The first images of the sun beamed home from NASA's newest solar observatory have wowed mission scientists with their extraordinary detail and unexpected findings.
NASA on Wednesday released the first new images from the Solar Dynamics Observatory, a probe launched on Feb. 11 to peer deep into the layers of the sun, monitor solar storms and investigate the mysteries of the sun's inner workings.
"The spacecraft and the instruments are working very well," said Richard Fisher, director of the Heliophysics Division at NASA Headquarters in Washington. "What we've seen is truly, in my view, spectacular."
The Solar Dynamics Observatory, or SDO, carries three instruments that constantly stare at the sun, generating images that have a resolution 10 times better than high-definition television.
"I believe this is going to be a revolutionary view" of the sun, said Fisher, who likened the new observatory's impact to that of the Hubble Space Telescope.
SDO will be revolutionary to the study of the sun "in the same way Hubble was revolutionary for astrophysics," he told Space.com.
The young solar observatory will also be generating an astounding amount of data.
It will stream the equivalent of half a million songs per day down to a ground station from its geosynchronous orbit. That's about 150 million bits of data per second, 24 hours a day, seven days a week — almost 50 times more science data than any other mission in NASA's history.
Monitoring solar flares, storms
The simultaneous monitoring of several wavelengths of the sun's light, coupled with the more rapid pace of observations, will give scientists an unprecedentedly detailed view of the features present on the sun. It will also help monitor the solar flares and storms that can impact Earth, as well as shed light on the influence of the sun's magnetic field on the processes that take place within the sun.
"The nice thing about SDO is that we have all of the sun all of the time," said Philip H. Scherrer the principal investigator for SDO's Helioseismic and Magnetic Imager instrument at Stanford University. Already observations of solar features and their evolution is showing that "the magnetic field is really much more dominant than we thought," Fisher said.
Video: Fireworks on Earth and in space It's also very dynamic: "That magnetic field is never the same twice, it is always changing," said Dean Pesnell, SDO project scientist at NASA's Goddard Space Flight Center in Greenbelt, Md.
And though the spacecraft is still in its commissioning phase — meaning all of the instruments are being properly calibrated and the probe is entering its final orbit — it has taken images that are already making unexpected revelations.
One particularly interesting observation, Fisher said, shows the evolution of an active region of the sun, also known as a sunspot. The dark spots on the sun's surface are connected to intense magnetic activity. SDO caught this sunspot in decline that didn't look quite how scientists expected it to.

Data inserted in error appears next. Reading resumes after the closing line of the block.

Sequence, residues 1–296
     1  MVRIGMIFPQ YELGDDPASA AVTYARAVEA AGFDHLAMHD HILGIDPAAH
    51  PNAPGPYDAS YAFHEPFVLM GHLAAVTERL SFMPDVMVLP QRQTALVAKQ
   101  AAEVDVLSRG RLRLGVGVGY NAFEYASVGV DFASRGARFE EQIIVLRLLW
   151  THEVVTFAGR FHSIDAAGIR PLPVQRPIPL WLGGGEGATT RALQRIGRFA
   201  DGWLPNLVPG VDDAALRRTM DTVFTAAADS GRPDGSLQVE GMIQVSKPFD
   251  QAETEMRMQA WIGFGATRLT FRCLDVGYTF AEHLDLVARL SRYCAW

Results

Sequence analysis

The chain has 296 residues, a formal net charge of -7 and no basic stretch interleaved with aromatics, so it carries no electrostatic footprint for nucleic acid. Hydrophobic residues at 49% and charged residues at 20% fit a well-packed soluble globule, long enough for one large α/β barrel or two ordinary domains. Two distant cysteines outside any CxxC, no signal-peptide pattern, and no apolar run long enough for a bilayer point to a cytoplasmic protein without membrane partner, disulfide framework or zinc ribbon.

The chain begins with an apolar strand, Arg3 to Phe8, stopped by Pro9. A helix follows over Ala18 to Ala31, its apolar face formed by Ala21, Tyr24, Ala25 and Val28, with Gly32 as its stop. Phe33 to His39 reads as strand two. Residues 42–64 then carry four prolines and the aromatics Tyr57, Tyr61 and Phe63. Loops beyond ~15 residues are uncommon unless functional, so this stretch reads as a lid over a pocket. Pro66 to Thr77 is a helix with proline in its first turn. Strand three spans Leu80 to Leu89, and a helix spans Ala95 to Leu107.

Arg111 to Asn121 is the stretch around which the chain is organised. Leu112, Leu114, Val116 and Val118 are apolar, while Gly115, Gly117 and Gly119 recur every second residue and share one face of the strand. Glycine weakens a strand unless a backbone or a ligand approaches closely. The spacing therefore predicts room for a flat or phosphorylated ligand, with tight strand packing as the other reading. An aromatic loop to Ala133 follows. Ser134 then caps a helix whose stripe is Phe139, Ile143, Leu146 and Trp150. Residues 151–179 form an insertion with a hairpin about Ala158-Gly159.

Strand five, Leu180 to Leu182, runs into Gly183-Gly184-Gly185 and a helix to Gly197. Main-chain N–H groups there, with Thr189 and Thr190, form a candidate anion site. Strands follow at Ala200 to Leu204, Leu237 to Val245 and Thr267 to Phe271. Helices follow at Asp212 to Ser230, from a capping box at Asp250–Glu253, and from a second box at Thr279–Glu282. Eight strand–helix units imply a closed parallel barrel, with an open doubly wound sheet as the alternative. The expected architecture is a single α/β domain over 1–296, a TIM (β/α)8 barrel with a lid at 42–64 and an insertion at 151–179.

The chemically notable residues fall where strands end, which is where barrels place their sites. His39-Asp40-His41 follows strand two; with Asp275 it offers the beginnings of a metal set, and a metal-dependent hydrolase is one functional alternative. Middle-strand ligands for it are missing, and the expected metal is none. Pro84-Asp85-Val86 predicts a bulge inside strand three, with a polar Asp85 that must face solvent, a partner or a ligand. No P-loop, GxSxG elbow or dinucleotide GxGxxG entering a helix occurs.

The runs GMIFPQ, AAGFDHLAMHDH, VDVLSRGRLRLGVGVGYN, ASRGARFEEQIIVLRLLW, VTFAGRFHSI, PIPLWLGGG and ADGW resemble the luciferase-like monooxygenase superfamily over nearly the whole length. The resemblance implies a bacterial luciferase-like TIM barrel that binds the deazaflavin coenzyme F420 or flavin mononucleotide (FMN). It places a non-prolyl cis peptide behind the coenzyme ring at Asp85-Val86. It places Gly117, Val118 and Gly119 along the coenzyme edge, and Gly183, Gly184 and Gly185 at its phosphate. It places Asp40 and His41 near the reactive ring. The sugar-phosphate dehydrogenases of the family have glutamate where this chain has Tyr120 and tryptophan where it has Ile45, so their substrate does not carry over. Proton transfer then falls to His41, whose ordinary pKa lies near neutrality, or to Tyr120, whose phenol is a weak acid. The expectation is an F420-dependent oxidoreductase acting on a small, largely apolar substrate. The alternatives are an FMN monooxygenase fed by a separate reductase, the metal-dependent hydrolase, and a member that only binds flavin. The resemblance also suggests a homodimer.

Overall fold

"It's a little bit baffling about what happened," Fisher said.
Tiny changes, huge impact
SDO observed that tiny changes in the magnetic field due to the decline of the sunspot "have a huge impact on the upper solar atmosphere," Fisher said, likening that to a situation on Earth where a lightning bolt in Indiana would cause a hurricane on the East Coast.
The sunspot is associated with a blast of solar material out into space known as a coronal mass ejection, or CME. SDO was able to see the sunspot associated with this CME as well as the waves rippling across the sun's surface associated with it and the flare that caused it.
The CME ejected as much material as is contained in the entire Mississippi River at a speed of about a million miles per hour; the material was accelerated up to that speed in just one second, said Alan Title, the principal investigator of SDO's Atmospheric Imaging Assembly instrument at Lockheed Martin Solar and Astrophysics Laboratory in Palo Alto, Calif.
That SDO is already stumping scientists with its findings even though it's not yet in full observing mode (which will happen sometime next month) shows what a useful spacecraft it is, Fisher said.
"The hallmark of a successful science experiment [is] that you don't understand what you've gotten back," he said.
Helping with predictions
Such solar events aren't just interesting to scientists — they can have a major impact on the Earth by knocking out communication systems, GPS satellites and even electrical grids. Scientists hope that SDO will allow them to make better predictions on when solar flares and CMEs might erupt in Earth's direction.
"The more we know about these flares, the better we'll be able to be proactive instead of reactive" to space weather, said Tom Woods the principal investigator of the Extreme Ultraviolet Variability Experiment instrument at the University of Colorado in Boulder.
And by allowing scientists to better understand the sun, SDO will also shed light on the workings of other stars.
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